Why Use a Broker?

I genuinely believe that using a broker is advantageous, especially in today's tough economic climate, for the following reasons:

1 Lenders can only offer their own products. So any advice is limited to information on their own products and ask set questions to come up with suitable products. This is fine for financially sophisticated borrowers who know what they want. But others might need full advice, specific to their needs from a qualified and experienced broker. Also, if your sale is ‘advised' you have far greater rights should you need to complain.

2 Brokers can scour the market for the deal that suits you. Some direct deals may be more competitive but brokers will look across a wider range of lenders. Half of borrowers that go direct go no further than their own bank and another 40% visit less than three lenders, according to the mortgage watchdog. The chance that they will happen upon the lender with the best deal for them is slim in a market of thousands of products. A broker can search over 100 lenders' products.

3 Brokers can get the deal placed. A lender may not have a wide enough product range to be able to place a client, particularly in the current market. A mortgage broker can scour the market to find a lender that will be able to place the deal. A census of brokers found that over 73% were able to place over 95% of their clients with a lender first time.

4 A client with unusual needs or circumstances can often only be provided for by a broker. Many lenders that operate in specialist markets, such as the sub-prime sector, do not operate direct to consumers. 83% of borrowers who had suffered financial difficulties were assisted by mortgage brokers, according to the AMI.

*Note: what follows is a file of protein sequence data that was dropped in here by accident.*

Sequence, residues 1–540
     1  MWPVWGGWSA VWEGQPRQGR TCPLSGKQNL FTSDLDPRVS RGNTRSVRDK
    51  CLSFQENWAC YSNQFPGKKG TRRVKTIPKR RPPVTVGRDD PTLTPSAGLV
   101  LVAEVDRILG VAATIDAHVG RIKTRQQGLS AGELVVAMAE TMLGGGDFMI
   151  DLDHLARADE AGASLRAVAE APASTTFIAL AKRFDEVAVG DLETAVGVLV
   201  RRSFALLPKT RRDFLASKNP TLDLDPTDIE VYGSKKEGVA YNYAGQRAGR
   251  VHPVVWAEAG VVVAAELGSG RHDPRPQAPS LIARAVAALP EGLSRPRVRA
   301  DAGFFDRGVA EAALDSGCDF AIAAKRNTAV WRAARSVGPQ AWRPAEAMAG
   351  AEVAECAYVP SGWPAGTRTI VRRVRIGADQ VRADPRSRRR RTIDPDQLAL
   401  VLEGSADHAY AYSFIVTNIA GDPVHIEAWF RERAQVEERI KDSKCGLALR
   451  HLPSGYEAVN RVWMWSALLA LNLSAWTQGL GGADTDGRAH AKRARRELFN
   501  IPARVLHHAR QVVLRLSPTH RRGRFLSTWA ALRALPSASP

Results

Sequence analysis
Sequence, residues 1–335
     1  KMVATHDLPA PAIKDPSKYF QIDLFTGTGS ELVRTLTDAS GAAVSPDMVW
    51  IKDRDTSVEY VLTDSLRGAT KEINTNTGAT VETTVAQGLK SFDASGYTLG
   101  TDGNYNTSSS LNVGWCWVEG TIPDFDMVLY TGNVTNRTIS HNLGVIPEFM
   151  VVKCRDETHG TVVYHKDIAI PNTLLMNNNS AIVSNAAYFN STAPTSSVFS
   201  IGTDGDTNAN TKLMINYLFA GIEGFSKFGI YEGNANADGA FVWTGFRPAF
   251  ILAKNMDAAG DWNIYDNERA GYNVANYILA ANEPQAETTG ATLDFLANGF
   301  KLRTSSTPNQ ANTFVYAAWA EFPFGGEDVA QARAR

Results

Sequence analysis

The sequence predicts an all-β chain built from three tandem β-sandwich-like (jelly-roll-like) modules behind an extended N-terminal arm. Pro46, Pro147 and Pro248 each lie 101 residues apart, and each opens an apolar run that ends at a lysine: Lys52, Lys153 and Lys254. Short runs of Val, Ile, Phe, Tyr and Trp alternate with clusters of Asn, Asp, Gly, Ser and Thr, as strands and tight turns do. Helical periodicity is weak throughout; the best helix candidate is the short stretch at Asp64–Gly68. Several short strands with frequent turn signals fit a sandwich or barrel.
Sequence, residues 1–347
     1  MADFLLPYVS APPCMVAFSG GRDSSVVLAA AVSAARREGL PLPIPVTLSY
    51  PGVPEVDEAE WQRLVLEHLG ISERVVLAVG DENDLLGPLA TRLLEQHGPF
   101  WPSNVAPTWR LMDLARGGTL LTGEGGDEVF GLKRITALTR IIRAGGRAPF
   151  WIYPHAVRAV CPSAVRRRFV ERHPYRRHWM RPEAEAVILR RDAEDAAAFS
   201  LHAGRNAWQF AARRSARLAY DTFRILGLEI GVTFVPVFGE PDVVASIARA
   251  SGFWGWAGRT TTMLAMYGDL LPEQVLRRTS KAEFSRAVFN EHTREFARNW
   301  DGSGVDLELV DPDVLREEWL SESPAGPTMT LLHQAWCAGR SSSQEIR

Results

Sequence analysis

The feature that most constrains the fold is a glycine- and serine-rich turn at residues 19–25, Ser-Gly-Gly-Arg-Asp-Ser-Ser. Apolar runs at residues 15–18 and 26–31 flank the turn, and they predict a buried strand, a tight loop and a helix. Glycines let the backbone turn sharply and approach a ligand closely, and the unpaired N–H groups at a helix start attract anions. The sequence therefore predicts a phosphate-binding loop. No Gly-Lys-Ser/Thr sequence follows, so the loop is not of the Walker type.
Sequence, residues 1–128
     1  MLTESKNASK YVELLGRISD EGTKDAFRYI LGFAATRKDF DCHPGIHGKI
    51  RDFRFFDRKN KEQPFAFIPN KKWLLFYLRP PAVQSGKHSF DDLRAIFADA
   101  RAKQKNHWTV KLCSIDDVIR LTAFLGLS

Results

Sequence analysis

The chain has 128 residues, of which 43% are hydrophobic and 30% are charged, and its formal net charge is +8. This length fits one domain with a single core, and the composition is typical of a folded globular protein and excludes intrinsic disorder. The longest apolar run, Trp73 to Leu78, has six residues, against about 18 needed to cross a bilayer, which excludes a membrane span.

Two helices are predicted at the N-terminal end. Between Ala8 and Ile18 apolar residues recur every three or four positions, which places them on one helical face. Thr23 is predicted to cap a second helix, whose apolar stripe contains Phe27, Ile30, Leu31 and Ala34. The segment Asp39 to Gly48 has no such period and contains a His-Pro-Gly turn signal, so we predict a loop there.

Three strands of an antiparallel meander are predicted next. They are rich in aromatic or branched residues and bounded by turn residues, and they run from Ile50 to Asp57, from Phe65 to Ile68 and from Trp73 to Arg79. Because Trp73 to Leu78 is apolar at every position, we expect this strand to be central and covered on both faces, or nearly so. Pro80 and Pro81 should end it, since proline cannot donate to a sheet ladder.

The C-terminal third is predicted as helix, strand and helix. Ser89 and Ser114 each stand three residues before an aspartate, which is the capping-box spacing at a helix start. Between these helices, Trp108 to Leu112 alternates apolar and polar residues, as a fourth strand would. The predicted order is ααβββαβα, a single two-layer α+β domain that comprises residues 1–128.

5 Brokers provide a service in demand. In the current market the number of borrowers turning to advisers rather than lenders is actually increasing as people seek advice they can trust. 

6 Advice when you need it. Mortgage brokers understand that people cannot always take a day off work to discuss their homeloan. Your bank branch may close at 3.30pm but your broker will work until 9pm at night, visiting you in your home, workplace or their office at your convenience.

7 Your mortgage may progress more smoothly with a broker to assist with any issues. They have tried and tested processes to avoid going back and forth, and can speak to the people who make the lending decisions. 

8 A broker will look at your wider protection needs, not just your mortgage. When it comes to related insurances the broker can check the entire market. A lender will offer you their product, or those of a firm they are tied to. On each product a broker can look at what best meets your needs and saves you money. 

9 Most clients have a stronger bond of trust with their financial adviser than with their product provider. Brokers can look after your financial circumstances over the long-term. For example, your broker is likely to contact you to remind you to remortgage just before your new deal finishes, which will ensure you aren't automatically moved onto the lender's expensive SVR. Your adviser is likely to have a more in-depth understanding of your financial circumstances and attitudes to risk than a provider. After all, a broker knows that the best way to retain your business is to serve your interests.

10 When a better deal comes along from a competitor, if appropriate a broker will contact you. Your product provider will not. 

 

Think carefully before securing other debts against your home. Your home may be repossessed if you do not keep up repayments on your mortgage.